MOBI > Hidden Bad Fender Eyelets

Hidden Bad Fender Eyelets

As of 2019/06, there seem to be various large and small makers of bicycle frames and forks offering "hidden fender eyelets" aka "hidden fender mounts".

It seems like a MOBI idea!


Once upon a time, most bicycle frames and forks were made with holes (threaded or non-threaded) for attaching fenders and/or racks. These are commonly called “fender eyelets”.

Some pictures to show the general idea:

[dr1045_1.jpg]   [rear-dropout-arrows.jpg]   [DSC_0001.JPG]  
Images from as of 2019/06.

Progress! Progress?

Over time, it became common to build forks and frames without fender eyelets.

Why? History does not record why, but it seems likely because:

In other words, fender eyelets got dropped, but not because removing them improves the bicycle in any significant way.

However, when makers took away fender eyelets, they did not take away the reason why they were there in the first place: they are useful.

And so lots of folks started adding back the missing eyelets, using a hodge-podge of after-the-fact "gadgets". Here are a few of the many(!) attempts to re-create fender eyelets:

[4692905641_fac5c7f622_z.jpg]   [X]   [X]   [51BASm8NhBL.jpg]   [71500.jpg]   [IMG_1886.jpg]   [OMM%20rear%201.jpg]   [OMM%20rear%205.jpg]   [IMGP8313.JPG]   [IMGP8314.JPG]   [IMGP8322.JPG]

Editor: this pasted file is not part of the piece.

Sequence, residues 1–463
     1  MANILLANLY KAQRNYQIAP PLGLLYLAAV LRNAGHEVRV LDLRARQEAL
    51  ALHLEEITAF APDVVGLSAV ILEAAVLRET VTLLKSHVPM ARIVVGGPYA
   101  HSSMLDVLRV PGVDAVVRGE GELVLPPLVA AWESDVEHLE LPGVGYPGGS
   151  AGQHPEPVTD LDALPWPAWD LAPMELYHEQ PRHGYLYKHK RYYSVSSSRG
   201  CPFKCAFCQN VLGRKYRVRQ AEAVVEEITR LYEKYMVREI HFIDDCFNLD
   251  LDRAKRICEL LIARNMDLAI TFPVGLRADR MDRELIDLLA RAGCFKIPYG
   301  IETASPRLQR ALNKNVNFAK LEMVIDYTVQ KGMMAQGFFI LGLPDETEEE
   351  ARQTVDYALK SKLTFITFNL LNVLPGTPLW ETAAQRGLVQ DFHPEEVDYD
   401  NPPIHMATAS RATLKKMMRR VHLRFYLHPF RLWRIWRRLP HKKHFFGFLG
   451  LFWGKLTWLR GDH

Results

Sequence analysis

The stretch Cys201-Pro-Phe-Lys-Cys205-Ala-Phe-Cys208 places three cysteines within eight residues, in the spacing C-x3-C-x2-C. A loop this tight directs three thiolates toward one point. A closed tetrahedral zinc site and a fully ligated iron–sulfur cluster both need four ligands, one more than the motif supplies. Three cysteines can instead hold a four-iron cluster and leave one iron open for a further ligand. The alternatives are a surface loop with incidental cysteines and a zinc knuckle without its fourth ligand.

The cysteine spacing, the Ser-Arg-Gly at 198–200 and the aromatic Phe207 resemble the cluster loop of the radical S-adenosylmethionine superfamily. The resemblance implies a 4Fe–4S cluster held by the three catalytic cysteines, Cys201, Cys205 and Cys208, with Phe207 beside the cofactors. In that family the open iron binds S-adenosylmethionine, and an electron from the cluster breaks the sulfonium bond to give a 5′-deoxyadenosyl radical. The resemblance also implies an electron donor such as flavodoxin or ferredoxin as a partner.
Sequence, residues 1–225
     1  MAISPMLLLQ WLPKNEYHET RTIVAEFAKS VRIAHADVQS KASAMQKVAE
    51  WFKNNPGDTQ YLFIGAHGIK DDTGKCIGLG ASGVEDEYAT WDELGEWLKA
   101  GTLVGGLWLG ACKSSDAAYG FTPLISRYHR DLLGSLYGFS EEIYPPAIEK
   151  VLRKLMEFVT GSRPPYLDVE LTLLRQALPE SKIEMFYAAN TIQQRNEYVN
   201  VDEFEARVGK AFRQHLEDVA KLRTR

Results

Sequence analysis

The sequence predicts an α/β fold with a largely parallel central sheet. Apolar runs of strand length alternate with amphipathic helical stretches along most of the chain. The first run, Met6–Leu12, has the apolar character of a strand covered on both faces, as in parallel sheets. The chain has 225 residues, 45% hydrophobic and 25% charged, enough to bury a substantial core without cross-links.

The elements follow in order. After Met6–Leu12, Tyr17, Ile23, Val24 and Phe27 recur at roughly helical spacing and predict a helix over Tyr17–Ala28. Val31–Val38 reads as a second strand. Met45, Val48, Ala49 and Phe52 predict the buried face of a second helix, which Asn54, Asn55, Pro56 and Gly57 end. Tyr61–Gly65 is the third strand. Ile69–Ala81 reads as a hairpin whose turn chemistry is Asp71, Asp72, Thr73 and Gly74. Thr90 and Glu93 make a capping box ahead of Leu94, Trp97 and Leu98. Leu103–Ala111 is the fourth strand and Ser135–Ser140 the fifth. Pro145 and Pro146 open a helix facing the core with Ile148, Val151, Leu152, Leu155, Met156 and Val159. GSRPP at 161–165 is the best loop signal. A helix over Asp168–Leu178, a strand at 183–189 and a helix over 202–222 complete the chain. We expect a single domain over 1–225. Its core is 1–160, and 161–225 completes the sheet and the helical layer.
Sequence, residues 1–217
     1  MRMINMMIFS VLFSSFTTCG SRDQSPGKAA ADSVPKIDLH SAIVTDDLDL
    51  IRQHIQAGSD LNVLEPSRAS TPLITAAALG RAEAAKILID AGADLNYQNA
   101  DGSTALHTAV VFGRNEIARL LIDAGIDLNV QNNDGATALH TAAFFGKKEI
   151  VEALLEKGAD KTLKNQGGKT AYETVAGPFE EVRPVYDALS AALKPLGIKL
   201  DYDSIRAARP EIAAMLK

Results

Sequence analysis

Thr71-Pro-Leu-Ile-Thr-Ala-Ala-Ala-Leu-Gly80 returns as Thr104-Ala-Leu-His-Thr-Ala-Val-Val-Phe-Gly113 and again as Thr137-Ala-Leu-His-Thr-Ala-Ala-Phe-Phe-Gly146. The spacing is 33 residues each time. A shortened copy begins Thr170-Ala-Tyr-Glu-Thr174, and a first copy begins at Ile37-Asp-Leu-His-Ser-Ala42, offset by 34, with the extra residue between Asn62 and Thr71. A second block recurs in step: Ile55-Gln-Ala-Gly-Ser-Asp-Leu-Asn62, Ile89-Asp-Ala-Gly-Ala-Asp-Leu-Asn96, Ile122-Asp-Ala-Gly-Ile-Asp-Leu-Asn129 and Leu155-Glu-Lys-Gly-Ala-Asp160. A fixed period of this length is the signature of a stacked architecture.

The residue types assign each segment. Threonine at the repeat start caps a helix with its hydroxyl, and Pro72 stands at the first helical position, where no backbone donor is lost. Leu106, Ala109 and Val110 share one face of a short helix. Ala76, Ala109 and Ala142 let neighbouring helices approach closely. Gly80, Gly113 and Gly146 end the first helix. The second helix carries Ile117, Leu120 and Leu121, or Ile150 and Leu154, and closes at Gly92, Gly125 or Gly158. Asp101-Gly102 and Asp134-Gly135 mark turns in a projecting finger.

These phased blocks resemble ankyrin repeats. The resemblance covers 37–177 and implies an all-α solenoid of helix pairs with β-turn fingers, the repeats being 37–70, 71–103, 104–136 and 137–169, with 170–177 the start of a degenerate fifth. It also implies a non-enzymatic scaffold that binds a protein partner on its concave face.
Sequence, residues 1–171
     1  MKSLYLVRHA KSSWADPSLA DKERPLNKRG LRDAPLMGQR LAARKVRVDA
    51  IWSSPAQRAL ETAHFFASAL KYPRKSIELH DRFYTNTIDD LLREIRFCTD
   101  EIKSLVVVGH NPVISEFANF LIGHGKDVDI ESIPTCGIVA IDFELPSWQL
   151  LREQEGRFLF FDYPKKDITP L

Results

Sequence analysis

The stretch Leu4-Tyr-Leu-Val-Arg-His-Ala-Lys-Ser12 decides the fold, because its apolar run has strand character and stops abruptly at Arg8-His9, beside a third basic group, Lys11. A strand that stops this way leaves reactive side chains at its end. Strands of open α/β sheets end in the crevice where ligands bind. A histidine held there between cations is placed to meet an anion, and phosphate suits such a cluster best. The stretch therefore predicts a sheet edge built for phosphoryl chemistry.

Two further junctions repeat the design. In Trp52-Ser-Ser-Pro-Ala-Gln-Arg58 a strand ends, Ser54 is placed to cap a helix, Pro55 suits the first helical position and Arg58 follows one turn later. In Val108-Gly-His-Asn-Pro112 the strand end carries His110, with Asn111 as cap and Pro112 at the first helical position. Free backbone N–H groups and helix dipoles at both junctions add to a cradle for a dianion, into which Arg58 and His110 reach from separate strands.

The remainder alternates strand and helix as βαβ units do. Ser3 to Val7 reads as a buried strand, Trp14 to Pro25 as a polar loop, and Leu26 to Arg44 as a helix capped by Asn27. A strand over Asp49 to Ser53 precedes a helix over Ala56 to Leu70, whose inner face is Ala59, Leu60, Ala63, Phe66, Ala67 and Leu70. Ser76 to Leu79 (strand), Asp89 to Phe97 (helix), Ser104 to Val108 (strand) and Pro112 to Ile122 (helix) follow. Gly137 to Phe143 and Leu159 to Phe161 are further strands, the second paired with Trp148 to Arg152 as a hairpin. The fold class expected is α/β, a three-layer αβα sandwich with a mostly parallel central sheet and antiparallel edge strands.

Images from as of 2019/06.

It is great to see folks being clever and coming up with ways to cope with "no eyelets".

However, that is a lot of effort just to work around “maker was too lazy/cheap/something to make a few holes.”

Worse, "deal with it" or "coping" solutions are often inferior to built-in fender eyelets. For example:

What to do?

Innovation! Innovation?

Finally, a solution! Introducing: the "hidden fender eyelet".

Which is, basically, a threaded hole just like a fender eyelet, except in order to "hide" it, it is placed/oriented so that it is useless for most rack and fender mounting.

And since it is in the wrong place, you use it by buying an extra gadget that threads in and provides something sort-of like a conventional fender eyelet.

[WhiskyNo7.png]   [Whisky-Parts-Co-no-7-rim-brake-fork-road-plus-1.jpg]   [fe180b00-black.jpg]  
Images from as of 2019/06.

Problem solved!

Although: I think the "problem" being solved here is "looks".

And, I don't recall anybody complaining about the looks of regular eyelets.

Also: once the "hidden" eyelet is installed, many may find it "looks" stupid.


Of course, if it doesn't hurt, then no reason to care.

However: it hurts. Some possible problems are:

It is amusing to note that for many years, riders won the Tour de France on bicycles with ... fender eyelets. I think this is the bicycle Fausto Coppi used to win the 1949 Tour de France. Note the fender eyelets where the seat stay meets the dropout:


(From as of 2019/06.)

So let's see. The old kind of eyelet has the "disadvantages" that it is cheaper, can make the dropout stronger, is more convenient, is more durable and reliable, weighs the same if you don't use fenders, and weighs less if you do use fenders.

It seems one thing that is well-hidden about the new design is whether it is worse for the rider in every way, or if there actually is some advantage to it.


[1] Update: New Trek Domane “passes” eyelet test By Gene Bisbee in Bicycle Industry, Main Page 2010/03/30. as of 2019/06.

[T]he eyelets wouldn‘t support racks [...].